A model for strep throat infection: dynamics of contingency gene selection in an infected host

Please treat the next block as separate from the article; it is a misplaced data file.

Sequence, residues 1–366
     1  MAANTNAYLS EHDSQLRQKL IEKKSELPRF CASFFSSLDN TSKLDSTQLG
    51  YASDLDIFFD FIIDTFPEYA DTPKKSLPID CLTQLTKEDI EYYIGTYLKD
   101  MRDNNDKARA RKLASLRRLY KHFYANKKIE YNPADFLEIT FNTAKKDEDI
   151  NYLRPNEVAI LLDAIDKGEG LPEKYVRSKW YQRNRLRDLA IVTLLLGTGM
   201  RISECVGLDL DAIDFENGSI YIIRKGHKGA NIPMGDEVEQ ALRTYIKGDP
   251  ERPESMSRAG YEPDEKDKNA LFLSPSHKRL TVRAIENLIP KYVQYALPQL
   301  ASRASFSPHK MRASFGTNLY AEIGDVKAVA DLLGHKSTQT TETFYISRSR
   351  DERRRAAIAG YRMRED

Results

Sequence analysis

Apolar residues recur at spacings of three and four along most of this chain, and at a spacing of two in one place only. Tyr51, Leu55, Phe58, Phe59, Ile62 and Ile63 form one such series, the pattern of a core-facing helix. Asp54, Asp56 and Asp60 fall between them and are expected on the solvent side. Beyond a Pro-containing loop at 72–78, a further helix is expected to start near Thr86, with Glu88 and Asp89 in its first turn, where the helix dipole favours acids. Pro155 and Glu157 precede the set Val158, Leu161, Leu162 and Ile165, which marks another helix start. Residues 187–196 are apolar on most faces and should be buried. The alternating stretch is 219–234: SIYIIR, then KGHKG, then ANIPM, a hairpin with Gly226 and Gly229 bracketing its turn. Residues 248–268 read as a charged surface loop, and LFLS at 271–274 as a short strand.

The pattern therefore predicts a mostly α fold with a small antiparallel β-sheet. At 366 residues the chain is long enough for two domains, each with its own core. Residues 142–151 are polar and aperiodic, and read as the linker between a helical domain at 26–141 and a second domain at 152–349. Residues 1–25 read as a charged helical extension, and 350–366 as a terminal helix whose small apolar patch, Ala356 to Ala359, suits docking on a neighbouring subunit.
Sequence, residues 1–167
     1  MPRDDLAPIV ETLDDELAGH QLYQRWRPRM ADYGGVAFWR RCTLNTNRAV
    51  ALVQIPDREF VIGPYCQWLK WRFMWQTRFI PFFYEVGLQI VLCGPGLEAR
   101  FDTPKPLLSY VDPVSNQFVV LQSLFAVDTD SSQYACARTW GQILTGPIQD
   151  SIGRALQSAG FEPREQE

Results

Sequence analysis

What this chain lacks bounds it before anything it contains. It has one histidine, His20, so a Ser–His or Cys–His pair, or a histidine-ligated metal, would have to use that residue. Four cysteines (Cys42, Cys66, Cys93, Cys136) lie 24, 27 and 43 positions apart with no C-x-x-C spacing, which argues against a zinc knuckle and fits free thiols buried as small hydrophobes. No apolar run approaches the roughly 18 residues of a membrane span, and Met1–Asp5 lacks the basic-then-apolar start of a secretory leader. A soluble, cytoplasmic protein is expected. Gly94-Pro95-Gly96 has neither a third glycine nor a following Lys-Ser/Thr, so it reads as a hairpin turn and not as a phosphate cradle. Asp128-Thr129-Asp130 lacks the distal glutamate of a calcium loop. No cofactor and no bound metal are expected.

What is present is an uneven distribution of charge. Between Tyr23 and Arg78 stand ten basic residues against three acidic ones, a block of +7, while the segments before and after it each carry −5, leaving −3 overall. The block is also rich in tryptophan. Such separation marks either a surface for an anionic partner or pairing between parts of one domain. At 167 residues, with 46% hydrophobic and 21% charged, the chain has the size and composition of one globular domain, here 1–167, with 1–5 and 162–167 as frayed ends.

An ordinary differential equations model for strep throat infection is constructed to compute the bacterial population densities of genotype combinations with binary switches in contingency genes. Theoretical analysis for the existence of solutions and the stability of the steady states is first preformed. Numerical simulations are then performed to investigate how the bacterial population evolves from the initial state with all turned-off genes to a state with all turned-on genes. More simulations show how the mutation frequency, the selection rates, the number of contingency genes, and the carrying capacity of the population affect the domination of the class with all turned-on genes. To improve the efficiency of the computation, a modified model is developed. The asymptotic behavior of the first model and the modified model is proved to be the same under certain conditions on the mutation frequency and selection rates. The results from the simulations demonstrate the ability of the bacterial population to adapt to the host within a realistically observed time frame of 3 to 6 days. The models can be used to understand the important role of contingency genes in the capacity of the bacterial pathogen to adapt to a host.